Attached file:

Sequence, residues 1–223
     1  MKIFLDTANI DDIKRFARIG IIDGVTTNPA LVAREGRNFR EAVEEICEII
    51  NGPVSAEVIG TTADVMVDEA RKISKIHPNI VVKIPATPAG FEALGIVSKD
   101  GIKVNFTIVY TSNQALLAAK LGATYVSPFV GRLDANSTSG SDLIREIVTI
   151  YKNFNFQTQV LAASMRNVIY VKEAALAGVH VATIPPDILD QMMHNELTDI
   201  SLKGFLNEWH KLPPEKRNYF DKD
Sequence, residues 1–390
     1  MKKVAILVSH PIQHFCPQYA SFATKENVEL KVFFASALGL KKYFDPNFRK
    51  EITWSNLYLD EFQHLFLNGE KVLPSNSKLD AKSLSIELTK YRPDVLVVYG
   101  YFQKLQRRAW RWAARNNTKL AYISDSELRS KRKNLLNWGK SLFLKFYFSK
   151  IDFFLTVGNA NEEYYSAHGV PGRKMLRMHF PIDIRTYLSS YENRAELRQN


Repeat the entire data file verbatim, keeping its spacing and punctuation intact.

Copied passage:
Sequence, residues 1–223
     1  MKIFLDTANI DDIKRFARIG IIDGVTTNPA LVAREGRNFR EAVEEICEII
    51  NGPVSAEVIG TTADVMVDEA RKISKIHPNI VVKIPATPAG FEALGIVSKD
   101  GIKVNFTIVY TSNQALLAAK LGATYVSPFV GRLDANSTSG SDLIREIVTI
   151  YKNFNFQTQV LAASMRNVIY VKEAALAGVH VATIPPDILD QMMHNELTDI
   201  SLKGFLNEWH KLPPEKRNYF DKD
Sequence, residues 1–390
     1  MKKVAILVSH PIQHFCPQYA SFATKENVEL KVFFASALGL KKYFDPNFRK
    51  EITWSNLYLD EFQHLFLNGE KVLPSNSKLD AKSLSIELTK YRPDVLVVYG
   101  YFQKLQRRAW RWAARNNTKL AYISDSELRS KRKNLLNWGK SLFLKFYFSK
   151  IDFFLTVGNA NEEYYSAHGV PGRKMLRMHF PIDIRTYLSS YENRAELRQN